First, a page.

Fats or oils: Again, this is an absolute minimum amount needed, as 60 pounds of fats or oils does not go far when used in baking, frying, and other uses. In hard times, people actually require fat in their diet in order to do hard work. In every country in which food is rationed, cooking oils are one of the first items of scarcity. Corn oil stores for years, and so does plain, inexpensive hydrogenated lard.
Salt: Five pounds of iodized table salt would be the recommended minimum per person per year, but what about making kraut, salt preserving meat, or preserving fish in a barrel of salt? For those needs, a family should have at least 50 pounds of fine grade, non iodized salt, available for less then $5.00 from a feed and seed store.
Powdered Milk: The 75 pounds recommended per person is fine, but for cooking needs a couple of cases (48 cans) of canned, condensed milk is an absolute necessity.
Vegetables and Fruits: In hard times, greens and fruits can indeed be a vital food item, as they provide the vitamins and minerals our bodies require to remain healthy. Storing vegetables and fruits is where a food dehydrator really shines. Combine the dried veggies with fresh greens from a garden and canned fruit juices and sauces, and the 600 pound per year amount becomes far more attainable.
7 Preppers Food Storage Mistakes
- VARIETY - Most people don't have enough variety in their storage. 95% of the people I've worked with only stored the 4 basic items we mentioned earlier: wheat, milk, honey, and salt. Statistics show most of us won't survive on such a diet for several reasons.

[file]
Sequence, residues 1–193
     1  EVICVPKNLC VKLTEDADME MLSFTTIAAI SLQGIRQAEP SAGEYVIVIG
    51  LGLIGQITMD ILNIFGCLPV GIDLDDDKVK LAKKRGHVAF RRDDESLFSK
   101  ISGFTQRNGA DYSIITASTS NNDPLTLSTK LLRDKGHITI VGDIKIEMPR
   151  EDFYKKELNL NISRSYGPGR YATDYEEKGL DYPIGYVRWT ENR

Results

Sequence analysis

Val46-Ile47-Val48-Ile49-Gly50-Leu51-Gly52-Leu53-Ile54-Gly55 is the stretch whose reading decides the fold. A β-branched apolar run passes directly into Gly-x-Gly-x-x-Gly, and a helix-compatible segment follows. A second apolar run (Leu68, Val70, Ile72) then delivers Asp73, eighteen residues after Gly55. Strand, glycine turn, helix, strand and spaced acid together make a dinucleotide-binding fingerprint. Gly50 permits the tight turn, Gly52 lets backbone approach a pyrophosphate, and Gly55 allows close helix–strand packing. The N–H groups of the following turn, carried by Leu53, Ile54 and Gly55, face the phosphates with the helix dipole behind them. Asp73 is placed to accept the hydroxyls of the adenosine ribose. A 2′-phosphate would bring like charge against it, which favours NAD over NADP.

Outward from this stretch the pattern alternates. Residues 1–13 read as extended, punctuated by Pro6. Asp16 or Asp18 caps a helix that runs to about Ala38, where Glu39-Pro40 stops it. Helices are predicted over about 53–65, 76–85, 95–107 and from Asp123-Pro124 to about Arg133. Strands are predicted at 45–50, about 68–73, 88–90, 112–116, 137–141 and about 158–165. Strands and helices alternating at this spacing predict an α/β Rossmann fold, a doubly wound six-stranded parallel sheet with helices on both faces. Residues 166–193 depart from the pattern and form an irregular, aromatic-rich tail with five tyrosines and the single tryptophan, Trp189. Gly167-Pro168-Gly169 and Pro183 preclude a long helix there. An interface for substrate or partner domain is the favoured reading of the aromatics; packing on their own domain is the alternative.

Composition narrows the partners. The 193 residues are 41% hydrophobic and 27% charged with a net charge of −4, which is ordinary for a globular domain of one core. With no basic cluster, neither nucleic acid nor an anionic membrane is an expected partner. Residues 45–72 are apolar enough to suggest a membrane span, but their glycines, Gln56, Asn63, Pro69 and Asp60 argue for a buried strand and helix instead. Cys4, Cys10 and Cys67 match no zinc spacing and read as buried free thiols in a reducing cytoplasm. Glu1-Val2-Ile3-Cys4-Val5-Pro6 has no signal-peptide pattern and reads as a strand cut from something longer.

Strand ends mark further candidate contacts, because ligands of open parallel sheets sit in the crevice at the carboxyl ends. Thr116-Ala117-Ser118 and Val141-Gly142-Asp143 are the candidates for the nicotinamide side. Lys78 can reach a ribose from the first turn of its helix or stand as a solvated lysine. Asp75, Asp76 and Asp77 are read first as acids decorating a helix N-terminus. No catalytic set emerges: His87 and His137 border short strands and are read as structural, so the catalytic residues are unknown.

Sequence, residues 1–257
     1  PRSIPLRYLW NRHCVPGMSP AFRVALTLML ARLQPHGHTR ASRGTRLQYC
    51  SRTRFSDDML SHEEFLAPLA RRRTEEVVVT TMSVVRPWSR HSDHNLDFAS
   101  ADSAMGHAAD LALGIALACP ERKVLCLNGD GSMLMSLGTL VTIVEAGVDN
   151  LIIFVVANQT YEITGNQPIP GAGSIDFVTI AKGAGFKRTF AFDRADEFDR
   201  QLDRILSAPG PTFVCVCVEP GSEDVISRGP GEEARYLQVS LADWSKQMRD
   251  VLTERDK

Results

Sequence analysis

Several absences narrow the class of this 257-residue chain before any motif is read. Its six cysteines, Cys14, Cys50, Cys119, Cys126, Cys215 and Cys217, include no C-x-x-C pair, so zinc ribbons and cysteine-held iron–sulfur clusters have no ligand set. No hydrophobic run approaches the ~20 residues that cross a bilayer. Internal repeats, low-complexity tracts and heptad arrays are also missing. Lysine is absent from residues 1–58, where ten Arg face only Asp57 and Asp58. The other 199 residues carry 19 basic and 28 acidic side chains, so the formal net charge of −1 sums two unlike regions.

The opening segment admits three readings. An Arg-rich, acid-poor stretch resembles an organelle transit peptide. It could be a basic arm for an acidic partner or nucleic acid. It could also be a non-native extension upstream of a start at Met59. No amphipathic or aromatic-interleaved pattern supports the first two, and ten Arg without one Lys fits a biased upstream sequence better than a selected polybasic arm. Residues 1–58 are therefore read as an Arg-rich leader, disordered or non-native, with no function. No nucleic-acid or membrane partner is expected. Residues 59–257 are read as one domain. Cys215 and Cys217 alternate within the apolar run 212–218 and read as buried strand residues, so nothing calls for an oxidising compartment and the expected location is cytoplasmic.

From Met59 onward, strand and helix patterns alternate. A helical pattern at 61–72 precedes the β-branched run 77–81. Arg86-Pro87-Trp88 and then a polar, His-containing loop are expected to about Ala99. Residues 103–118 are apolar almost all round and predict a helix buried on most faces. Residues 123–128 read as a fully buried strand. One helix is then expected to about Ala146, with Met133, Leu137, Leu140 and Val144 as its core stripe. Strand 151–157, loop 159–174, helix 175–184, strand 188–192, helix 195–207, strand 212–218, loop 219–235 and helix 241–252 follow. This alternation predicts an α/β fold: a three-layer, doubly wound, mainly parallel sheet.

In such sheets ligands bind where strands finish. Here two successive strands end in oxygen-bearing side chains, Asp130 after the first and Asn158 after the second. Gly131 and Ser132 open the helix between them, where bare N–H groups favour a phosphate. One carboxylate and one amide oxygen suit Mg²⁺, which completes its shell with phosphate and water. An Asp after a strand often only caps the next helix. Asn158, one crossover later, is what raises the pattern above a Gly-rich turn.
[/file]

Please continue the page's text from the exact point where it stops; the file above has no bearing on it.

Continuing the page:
- Many people are allergic to wheat and may not be aware of it until they are eating it meal after meal.
- Wheat is too harsh for young children. They can tolerate it in small amounts but not as their main staple.
- We get tired of eating the same foods over and over and many times prefer not to eat than to sample that particular food again. This is called appetite fatigue. Young children and older people are particularly susceptible to it. Store less wheat than is generally suggest and put the difference into a variety of other grains, particularly ones your family likes to eat. Also store a variety of beans. This will add variety of color, texture and flavor. Variety is the key to a successful storage program. It is essential that you store flavorings such as tomato, bouilion, cheese, and onion.